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This profile was last updated on 7/8/06  and contains information from public web pages.
 
Background

Employment History

  • Composer and Singer
    Lebanese Broadcasting Corporation
  • Lebanese Composer and Singer
10 Total References
Web References
Remembering Zaki Nasif
aljadid.com, 8 July 2006 [cached]
Remembering Zaki Nasif: A Lebanese Musical Odyssey
...
The death of Lebanese composer and singer Zaki Nasif in Beirut last March marked the end of a significant era in Lebanese musical heritage.Nasif left a legacy placing him among the greats in the field of Arab music.
Born in 1916 in the town of Mashghara in Lebanon's Biqa Valley, Nasif studied music composition and piano at the American University of Beirut . After his studies were interrupted by World War II, he continued to pursue music at the hands of a European professor at St. Joseph University.In the early 1950s, under the French Mandate, Nasif joined the music staff of the Near East ( Al-Sharq al-Adna ) Radio station under the direction of Palestinian musician Sabri al-Sharif.That station had moved from Jerusalem to Cyprus and was based in Beirut before closing down but, during a brief period, brought together many musicians who built the foundation of the modern popular music genre in the region.
In the mid 1950s, lyricists/composers Asi and Mansur Rahbani, singers/composers Wadi al-Safi, Zaki Nasif, and Filimon Wahbe, and singers Fairuz, Sabah, and Nasri Shamsiddine, along with other contemporaries such as Tawfiq al-Basha, Halim al-Rumi (whose daughter Majida later sang many of Nasif compositions), long-time flautist Joseph Ayoub, and percussionist Michel Mirhej Baklouk, most of whom met at the Near East Radio station, became a core group credited with the establishment of the modern popular Lebanese song with the start of the Baalbek festivals, set in the Roman ruins of Baalbek.
...
Zaki Nasif's career reached national recognition with his early contribution to the Baalbek Festival with the song "Tallu Hbabna Tallu" (The Beloved Ones Have Arrived), which quickly became a huge hit.The lyrics, which describe receiving beloved visitors in the beautiful setting of the Lebanese countryside, cover three themes: romance, hospitality, and patriotism.The magnificence of the lyrics was matched by Nasif's brilliant melody, which combined beauty and folk-style simplicity.Decades later in a 1991 interview, Nasif discussed how village folk tunes inspired his compositions and revealed that "Tallu Hbabna" was inspired by the comic folk chant "Qam al-Dib Ta Yurqos " (When the Bear Tried to Dance).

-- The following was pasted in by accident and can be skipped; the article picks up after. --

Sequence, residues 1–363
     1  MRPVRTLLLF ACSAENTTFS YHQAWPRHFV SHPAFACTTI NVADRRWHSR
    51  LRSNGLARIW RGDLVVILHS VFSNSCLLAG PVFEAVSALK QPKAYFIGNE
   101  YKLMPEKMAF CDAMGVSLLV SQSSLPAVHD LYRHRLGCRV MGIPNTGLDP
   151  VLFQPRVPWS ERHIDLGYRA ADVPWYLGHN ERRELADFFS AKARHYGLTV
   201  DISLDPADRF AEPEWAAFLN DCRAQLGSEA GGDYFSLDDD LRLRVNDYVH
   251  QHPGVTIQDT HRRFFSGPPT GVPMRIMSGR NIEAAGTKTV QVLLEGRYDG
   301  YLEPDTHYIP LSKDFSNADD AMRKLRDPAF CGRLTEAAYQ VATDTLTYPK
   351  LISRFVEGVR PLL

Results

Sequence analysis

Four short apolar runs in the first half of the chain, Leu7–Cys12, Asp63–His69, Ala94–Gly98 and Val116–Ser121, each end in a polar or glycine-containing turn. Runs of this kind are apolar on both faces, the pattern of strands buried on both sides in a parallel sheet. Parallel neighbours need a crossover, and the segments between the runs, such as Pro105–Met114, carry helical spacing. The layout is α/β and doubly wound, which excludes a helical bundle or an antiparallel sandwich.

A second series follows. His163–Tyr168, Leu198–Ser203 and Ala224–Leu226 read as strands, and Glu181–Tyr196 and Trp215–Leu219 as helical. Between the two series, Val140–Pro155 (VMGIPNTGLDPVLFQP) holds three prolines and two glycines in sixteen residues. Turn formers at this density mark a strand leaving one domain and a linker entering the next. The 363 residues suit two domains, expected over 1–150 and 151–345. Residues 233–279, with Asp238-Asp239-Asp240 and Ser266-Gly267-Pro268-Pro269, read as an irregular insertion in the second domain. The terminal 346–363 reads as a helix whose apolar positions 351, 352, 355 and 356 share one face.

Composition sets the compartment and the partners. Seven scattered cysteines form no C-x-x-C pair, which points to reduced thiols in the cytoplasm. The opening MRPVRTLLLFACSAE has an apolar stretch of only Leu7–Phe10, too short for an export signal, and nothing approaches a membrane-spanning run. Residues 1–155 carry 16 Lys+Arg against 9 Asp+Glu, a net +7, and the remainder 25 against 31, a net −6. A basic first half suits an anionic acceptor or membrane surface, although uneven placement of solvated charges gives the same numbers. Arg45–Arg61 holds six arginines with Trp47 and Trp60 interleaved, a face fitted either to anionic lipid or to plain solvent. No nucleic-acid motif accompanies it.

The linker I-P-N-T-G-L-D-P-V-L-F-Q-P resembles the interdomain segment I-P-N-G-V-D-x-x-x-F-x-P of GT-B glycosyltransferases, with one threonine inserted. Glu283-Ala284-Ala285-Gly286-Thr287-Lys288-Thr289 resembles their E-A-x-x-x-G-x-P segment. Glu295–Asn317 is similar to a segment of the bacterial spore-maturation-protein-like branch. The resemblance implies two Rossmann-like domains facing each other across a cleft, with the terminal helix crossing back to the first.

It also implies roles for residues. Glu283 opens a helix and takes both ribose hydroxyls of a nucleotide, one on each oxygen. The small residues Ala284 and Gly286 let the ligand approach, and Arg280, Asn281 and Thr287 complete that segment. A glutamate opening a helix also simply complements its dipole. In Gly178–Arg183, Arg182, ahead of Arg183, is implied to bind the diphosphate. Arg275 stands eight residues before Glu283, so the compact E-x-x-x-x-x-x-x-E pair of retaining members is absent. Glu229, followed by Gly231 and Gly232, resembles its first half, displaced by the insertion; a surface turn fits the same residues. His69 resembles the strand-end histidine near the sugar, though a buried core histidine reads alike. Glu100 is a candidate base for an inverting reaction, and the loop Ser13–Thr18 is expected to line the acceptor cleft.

The third element of the song's success was the vocalist.Nasif intended that his song would be performed by the Baalbek chorus, but decided instead that it would be best performed by his colleague Wadi al-Safi, an archetypical folk singer.The rest is history; for nearly four decades, Wadi al-Safi probably performed this song at every concert in his life; it was requested by delighted audiences who would typically rise to the traditional dabkah line dance.The song was typically performed by al-Safi at live concerts during a suite of songs with a similar theme such as " Khadra Ya Bladi Khadra " (My Green Country) and " Zra'na Tlalik Ya Bladi " (We Planted the Hills).Unfortunately for Nasif, with time his name lost association with "Tallu Hbabna"; many people erroneously assumed that the song was composed by either Wadi al-Safi or the Rahbani brothers.
Nasif collaborated with many groups and artists.In 1960, journalist Said Fraiha founded the Al-Anwar group that included both Zaki Nasif and Wadi al-Safi and often performed at Casino Lubnan.Al-Anwar featured the typical style of Zaki Nasif, namely modern music rooted in folk rhythms and melodic simplicity.This was similar to the work of the Rahbani Brothers but, while the Rahbanis drew on folk music of Mount Lebanon, Nasif did the same for the Biqa Valley.The Rahbanis, Filimon Wahbe, Tawfiq al-Bahsa, and Nasif also formed a quintet called the League of Five modeled after the Russian group; during this collaboration they modernized their music.
...
Throughout this period, Nasif continued to compose for the country's leading singers, including the Gibran poem " Ya Bani Ummi" for Fairuz.
Although outside of Lebanon Nasif was known as the great folk singer who popularized the dal'una genre and composed popular songs for the Baalbek festival, people who worked with him knew two other aspects of him.Nasif was a classically trained pianist with a passion for playing Chopin pieces at private gatherings and was a scholar of ancient Byzantine chants.He had an encyclopedic knowledge of the Byzantine repertoire and discussed how the chants' Eastern scales, similar to the traditional Arab modes called maqamat, inspired his own compositions.Lebanese ethnomusicologist Nidaa abu Mrad researched the influence of Byzantine music on Nasif's work for an academic publication.